Controlled Foam Injection

note: Also see "Blasting/Explosions" and "Foam Compression"

Technology Description

The method utilizes a proprietary Controlled Foam Injection (CFI) technique to fracture rock and concrete. The use of high-pressure foam as the fracturing medium has been shown to reduce significantly the airblast, flyrock and toxic fume problems associated with explosive based techniques. The CFI method may be used in very close proximity to personnel, sensitive structures or equipment.

  • The controlled breakage characteristic allows for very precise rock removal.
  • The process byproducts areenvironmentally benign and biodegradable.
  • The controlled fracturing allows for the efficient and controlled stripping of concrete from reinforcing steel.
  • The method is ideally suited for any excavation or breakage situation where conventional explosive methods are precluded.
  • Compared to explosive breakage, CFI breakage requires less than one fifth the energy expenditure.
  • Compared to mechanical methods, such as impact hammers, rock cutters and splitters, the CFI method provides much higher excavation rates.
  • Lower energy requirement, up to 90 percent less, results in smaller, lighter, more mobile, and less expensive equipment.

The CFI method is based upon the use of high-pressure foam to initiate, pressurize and propagate controlled fracturing in rock and concrete. An injection barrel, incorporating a proprietary hole-bottom seal, is used to inject high-pressure foam into the bottom of a pre-drilled hole in the substrate to be broken. The high viscosity of the foam combined with its stored energy result in very controlled and efficient breakage. The foam pressures required to break rock or concrete are significantly less than required in explosive or propellant based methods. Consequently, airblast and flyrock are reduced to very benign levels, allowing the method to be applied in a continuous manner and to be used in urban and other sensitive environments. The hardware may be readily mounted on a conventional articulated boom for application to excavation and/or demolition operations. Apercussive drill may be incorporated on the same boom so that hole drilling, indexing for injection barrel placement and breakage can be carried out in a systematic and automatic manner. The CFI method is well suited for automation. The flexibility of the method allows it to be tailored to rapidly changing ground conditions or a variety of breakage conditions. The benign nature of the airblast and flyrock of the CFI fracturing method allows drilling, breakage, mucking, ground support and haulage equipment to remain at the working point or face during rock excavation operations.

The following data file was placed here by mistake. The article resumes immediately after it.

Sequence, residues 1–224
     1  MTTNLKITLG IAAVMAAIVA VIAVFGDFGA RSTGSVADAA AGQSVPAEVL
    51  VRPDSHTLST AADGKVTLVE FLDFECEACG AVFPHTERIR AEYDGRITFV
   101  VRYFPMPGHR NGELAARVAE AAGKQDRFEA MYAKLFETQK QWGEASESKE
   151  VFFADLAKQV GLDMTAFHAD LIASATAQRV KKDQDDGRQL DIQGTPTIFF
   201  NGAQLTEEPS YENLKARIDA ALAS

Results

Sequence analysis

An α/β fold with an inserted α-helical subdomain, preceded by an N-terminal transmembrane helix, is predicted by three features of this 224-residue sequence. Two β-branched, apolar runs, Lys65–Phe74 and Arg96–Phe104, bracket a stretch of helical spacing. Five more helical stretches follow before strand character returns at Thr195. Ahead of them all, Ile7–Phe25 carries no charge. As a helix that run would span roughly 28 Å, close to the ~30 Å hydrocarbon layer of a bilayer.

The CFI method can be used in a broad variety of specialty drilling and excavation situations. The method is ideally suited for the demolition of oversized boulders encountered in both construction and mining operations. In underground mining operations, the CFI method can be used for selective mining or for mine development in unstable ground. As the method imparts negligible damage to remaining rock, the need for ground support can be significantly reduced. In surface mining and excavation operations, the CFI method offers several advantages vis-à-vis explosive and mechanical methods.

The CFI method can be used to:

  • Develop trenches for utility or pipe lines
  • Excavate caisson shafts for bridges or power line towers
  • Excavate utility tunnels under existing streets and buildings
  • Provide access tunnels or shafts to existing subway systems
  • Create or enlarge underground space for buildings.

This technology has been developed by:

Chapman Young, President
Applied Geodynamics, Inc.
PO Box 2129
Steamboat Springs, CO 80477
970-879-3032

References

Equipment

Komatsu TDM 750
Caterpillar

Video


Controlled Foam Injection Video